Colleges spend big to look cool

By , Contributor to The Christian Science Monitor

On the campus of Southern Oregon University in Ashland, the sight of cranes, excavators, and forklifts is a familiar one this academic year.

With three major construction projects currently under way - a library, a residential hall, and a student center - SOU, known primarily for its theater program, hopes to be well on the way to becoming a 21st-century campus.

"What we are finding is that the buildings that are 30 to 40 years [old] are needing considerable renovation" because they are aging, says Ron Bolstad, SOU's outgoing vice president for administration.

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And SOU is not an anomaly. Though difficult to track exactly how many universities are involved in construction projects at any given moment, schools across the nation are adapting to significant technological advancements and student enrollment growth by remodeling, renovating, and expanding outdated architecture.

At the University of Arizona in Tucson, for example, about 50 construction projects are either under way or in development, says Melissa Dryden, senior program coordinator for the university's facilities design and construction department.

"It is a $500 million program," she says. Projects there range from student housing renovations to new engineering buildings.

Last year the Massachusetts Institute of Technology in Cambridge, Mass., opened its new Stata Center, a $300-million complex designed by celebrity architect Frank Gehry.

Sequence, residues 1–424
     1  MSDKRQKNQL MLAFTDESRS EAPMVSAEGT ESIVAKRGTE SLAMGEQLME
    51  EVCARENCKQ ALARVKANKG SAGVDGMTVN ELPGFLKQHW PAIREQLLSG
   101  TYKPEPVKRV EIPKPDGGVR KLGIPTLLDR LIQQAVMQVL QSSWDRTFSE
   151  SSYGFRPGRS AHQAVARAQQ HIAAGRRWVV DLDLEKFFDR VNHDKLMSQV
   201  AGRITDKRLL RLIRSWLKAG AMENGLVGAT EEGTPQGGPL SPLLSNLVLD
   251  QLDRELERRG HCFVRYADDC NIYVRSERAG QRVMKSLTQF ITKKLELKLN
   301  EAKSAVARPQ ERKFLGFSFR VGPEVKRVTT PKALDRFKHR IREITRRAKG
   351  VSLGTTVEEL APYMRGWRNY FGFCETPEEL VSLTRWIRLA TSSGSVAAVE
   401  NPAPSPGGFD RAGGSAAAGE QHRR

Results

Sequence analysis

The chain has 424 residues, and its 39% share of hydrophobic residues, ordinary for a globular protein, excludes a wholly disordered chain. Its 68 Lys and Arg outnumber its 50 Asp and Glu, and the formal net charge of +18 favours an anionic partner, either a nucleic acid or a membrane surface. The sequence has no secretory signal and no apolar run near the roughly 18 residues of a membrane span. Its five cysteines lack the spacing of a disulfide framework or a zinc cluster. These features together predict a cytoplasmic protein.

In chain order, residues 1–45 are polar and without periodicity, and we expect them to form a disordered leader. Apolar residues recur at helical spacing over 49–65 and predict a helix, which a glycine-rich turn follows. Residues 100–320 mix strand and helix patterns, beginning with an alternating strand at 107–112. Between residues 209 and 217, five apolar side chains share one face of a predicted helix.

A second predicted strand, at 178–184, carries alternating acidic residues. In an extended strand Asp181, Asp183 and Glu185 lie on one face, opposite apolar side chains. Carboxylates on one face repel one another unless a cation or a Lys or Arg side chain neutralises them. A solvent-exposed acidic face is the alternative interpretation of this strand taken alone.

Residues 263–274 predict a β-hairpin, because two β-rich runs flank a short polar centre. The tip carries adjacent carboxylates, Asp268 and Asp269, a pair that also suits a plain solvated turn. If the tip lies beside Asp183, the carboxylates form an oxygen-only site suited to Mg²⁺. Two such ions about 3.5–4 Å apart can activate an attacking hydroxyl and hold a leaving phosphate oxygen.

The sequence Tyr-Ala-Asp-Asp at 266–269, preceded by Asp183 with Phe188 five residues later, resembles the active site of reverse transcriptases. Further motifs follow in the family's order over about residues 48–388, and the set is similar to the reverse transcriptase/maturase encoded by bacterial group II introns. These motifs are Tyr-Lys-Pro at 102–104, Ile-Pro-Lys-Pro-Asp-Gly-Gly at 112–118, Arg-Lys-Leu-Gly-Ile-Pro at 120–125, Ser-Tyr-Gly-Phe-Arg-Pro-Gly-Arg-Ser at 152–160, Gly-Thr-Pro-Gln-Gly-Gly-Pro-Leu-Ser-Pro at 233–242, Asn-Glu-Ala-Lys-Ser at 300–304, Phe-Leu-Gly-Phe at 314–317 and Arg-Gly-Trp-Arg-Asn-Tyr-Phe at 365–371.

The state-of-the-art building houses labs for computer science and artificial intelligence, classrooms, a child-care facility, and a gym. Next December the school will open its $156-million brain and cognitive science project, a complex built around an atrium that will house MIT's main center for neuroscience and brain research. Both buildings are part of an ongoing $1-billion construction program.

The University of Pennsylvania in Philadelphia is also in the midst of several projects, including four new structures (a life-science complex, a bioengineering facility, a veterinary-medicine training and research building, and a humanities building) and the renovation of three housing high-rises and a nursing building.

On an annual basis, the university budgets $150 million for construction, and also has a five-year capital plan budget of $700 million.

All this results in a $25-billion higher education construction industry (a category that includes everything from community colleges to major research institutions), says Jim Becker, managing director for higher education with Skanska USA Building.

The goal of much of the new building: establishing or maintaining programs that interest students.

Most construction projects "generally tend to be related to student life and making sure the university is current in terms of education and research in areas that are germane to society," says Mr. Becker.

Specifically, this means student housing, parking facilities, classrooms, and buildings related to science and technology, such as medical or engineering labs.

Many of today's students don't want to live in a crowded dorm with a bathroom down the hall, and they don't want to see a professor lecture in front of a chalkboard.